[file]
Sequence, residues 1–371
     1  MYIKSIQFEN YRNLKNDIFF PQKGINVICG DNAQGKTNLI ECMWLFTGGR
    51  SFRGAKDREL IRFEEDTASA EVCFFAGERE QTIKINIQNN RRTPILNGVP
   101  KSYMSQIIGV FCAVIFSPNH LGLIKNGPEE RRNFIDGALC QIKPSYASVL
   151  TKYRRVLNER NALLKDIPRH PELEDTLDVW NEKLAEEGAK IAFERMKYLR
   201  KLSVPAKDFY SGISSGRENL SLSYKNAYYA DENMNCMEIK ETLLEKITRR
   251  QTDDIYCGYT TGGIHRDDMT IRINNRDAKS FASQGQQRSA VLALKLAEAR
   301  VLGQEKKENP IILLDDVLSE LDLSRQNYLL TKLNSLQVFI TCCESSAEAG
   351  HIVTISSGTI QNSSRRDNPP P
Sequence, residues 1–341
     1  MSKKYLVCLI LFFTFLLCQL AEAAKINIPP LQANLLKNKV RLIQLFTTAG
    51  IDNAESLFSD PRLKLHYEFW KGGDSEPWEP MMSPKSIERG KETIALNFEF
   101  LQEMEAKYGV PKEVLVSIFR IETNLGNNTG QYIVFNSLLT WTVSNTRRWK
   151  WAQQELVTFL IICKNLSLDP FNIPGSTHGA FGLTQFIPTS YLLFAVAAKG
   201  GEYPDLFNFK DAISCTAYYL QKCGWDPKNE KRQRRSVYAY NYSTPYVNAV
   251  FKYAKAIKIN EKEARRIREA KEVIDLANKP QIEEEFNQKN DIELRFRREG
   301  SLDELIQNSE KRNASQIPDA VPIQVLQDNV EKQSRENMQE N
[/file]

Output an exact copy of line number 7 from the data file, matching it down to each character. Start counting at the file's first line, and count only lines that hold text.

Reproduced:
   251  QTDDIYCGYT TGGIHRDDMT IRINNRDAKS FASQGQQRSA VLALKLAEAR